The Language Show 2019 has been as memorable as ever — bustling with exciting talks, intriguing exhibitors and amazing linguists from various avenues of the sector. Many contacts to make, much information to remember, a few lessons to take on board. For me the day was marked by an additional and totally unexpected learning curve.

Keeping up-to-date with the technology, I was busy photographing various slides of the masterful presentations and the most interesting exhibitions: with myself, without myself… I was really enjoying myself and, of course, looking forward to sharing with the community of my readers everything that impressed me.

My mobile phone, however, had a different view on the matter. The day must have been excessively overwhelming for the poor device, and on the way home it decided it had had enough of everything — so much so that I had to upgrade my contract and until  mid-week I will have no way of connecting with “the outer world” except by email and via landline. Long live the diversity of means of communication!

Among other consequences, however, I was left with no visual material to support my narrative — except for one photograph taken by my husband (for which I am really grateful to him!).

I guess, the lesson here is very obvious. Do not store all eggs in one basket, i.e. do not rely on a single device for every imaginable function.  Fortunately, being a little old-fashioned, I still favour pen and paper as (arguably) the most reliable storage of knowledge — after all, according to Bulgakov, “manuscripts do not burn”. As there was no fire in my handbag (only in my head — as I was trying to bring my humble electronic friend back to life) I have my precious notes and the rest is in my memory.

The first talk was presented by M4 Translation Service Manager Atul Ramanuj — an amazing personality who spent the last 27 years of his career running the interpreting and translation services for Manchester City Council. To my humble knowledge, this is the only local council in the UK that not only employs in-house interpreters on PAYE but provides professional training to the bilingual individuals with a potential to serve as community interpreters.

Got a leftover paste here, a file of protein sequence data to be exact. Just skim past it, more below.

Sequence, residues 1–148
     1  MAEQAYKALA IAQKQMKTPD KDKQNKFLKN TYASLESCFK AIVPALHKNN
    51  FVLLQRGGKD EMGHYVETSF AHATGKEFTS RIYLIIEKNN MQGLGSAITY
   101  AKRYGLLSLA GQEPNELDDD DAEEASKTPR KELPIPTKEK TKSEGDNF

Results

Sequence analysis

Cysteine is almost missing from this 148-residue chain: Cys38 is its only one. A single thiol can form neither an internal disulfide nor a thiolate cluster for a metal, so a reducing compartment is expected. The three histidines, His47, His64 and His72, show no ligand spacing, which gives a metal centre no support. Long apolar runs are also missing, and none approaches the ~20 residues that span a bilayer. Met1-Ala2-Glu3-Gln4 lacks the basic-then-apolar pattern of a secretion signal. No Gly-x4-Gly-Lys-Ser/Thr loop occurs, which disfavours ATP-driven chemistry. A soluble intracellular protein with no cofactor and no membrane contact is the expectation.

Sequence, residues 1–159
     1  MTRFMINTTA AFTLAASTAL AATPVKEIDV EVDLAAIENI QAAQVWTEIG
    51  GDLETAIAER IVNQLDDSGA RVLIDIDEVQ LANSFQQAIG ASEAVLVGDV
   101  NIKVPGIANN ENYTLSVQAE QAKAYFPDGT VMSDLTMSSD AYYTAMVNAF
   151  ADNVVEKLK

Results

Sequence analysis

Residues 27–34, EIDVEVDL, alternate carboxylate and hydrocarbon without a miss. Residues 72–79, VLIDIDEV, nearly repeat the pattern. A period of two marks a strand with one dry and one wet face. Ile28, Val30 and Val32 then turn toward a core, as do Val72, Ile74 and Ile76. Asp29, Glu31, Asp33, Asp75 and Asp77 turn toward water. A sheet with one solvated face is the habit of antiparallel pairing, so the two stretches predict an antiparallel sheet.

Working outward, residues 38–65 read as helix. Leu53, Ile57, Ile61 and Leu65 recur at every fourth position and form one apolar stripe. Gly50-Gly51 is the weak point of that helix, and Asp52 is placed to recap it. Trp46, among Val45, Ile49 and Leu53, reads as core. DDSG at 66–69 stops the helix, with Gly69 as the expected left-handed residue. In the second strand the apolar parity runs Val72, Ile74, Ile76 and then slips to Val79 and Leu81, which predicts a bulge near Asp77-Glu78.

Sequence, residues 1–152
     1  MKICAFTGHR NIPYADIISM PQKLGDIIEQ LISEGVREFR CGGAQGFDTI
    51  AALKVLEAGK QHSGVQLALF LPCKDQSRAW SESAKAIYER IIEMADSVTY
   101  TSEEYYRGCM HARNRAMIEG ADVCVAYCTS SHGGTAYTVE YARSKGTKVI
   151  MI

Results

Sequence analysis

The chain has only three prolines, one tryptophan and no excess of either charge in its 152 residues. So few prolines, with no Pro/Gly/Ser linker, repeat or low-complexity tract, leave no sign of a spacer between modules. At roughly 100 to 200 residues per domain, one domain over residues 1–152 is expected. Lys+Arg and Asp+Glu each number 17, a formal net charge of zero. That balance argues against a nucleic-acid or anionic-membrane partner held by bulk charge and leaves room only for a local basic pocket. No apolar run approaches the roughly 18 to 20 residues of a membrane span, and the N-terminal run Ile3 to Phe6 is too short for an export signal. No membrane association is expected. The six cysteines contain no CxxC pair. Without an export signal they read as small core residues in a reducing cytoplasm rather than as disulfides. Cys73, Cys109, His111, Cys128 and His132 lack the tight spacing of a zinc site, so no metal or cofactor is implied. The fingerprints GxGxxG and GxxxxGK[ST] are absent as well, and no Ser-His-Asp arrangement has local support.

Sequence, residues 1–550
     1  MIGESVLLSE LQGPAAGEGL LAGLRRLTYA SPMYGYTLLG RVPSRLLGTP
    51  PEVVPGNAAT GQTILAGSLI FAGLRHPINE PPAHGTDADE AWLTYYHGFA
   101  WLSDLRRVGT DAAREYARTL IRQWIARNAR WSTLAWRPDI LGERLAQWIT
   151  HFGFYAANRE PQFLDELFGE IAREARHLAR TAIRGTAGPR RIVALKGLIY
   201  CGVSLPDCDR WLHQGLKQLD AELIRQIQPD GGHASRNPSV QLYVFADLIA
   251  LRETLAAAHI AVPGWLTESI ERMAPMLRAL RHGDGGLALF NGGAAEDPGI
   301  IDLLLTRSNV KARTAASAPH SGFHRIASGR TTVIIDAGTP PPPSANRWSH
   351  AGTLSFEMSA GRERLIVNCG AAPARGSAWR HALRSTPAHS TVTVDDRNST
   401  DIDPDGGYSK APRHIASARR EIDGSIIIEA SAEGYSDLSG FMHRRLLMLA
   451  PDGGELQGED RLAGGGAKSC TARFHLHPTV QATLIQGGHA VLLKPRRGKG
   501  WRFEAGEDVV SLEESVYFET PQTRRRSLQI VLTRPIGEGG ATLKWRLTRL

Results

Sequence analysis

His speech was highly inspirational because the set up of Manchester offers a benchmark quality for the rest of the country. Interpreters and translators are not left in isolation and are provided with regular training and employment. The support of the council is incredible, and the contribution and the effort of Mr Ramanuj well deserve respect and admiration.

The quote of the day I carried from the lecture: “As a community interpreter — how can you show empathy yet remain impartial?” summarizes very well the complexity of the position interpreters find themselves on a daily basis.

The same is relevant to translators. How can we remain impartial to the text we are working on if impartiality borders with indifference? How can we translate and not feel (for) the subject matter? Yet, our professional duty calls upon us to remain detached and un-involved — and that is what we do. How we do it — is part of our trade secret.